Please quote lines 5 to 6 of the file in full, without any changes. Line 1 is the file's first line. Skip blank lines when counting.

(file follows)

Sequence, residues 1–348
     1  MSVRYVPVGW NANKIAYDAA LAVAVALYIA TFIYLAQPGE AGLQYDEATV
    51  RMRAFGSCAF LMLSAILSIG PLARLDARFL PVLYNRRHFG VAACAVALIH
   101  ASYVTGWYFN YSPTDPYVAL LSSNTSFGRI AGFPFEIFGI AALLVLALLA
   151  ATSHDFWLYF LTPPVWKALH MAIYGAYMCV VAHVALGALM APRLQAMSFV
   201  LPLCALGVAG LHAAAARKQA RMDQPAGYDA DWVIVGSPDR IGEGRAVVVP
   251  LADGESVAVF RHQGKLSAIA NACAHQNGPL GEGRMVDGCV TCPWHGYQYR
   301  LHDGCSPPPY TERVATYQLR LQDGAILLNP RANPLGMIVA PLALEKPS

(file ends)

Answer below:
   151  ATSHDFWLYF LTPPVWKALH MAIYGAYMCV VAHVALGALM APRLQAMSFV
   201  LPLCALGVAG LHAAAARKQA RMDQPAGYDA DWVIVGSPDR IGEGRAVVVP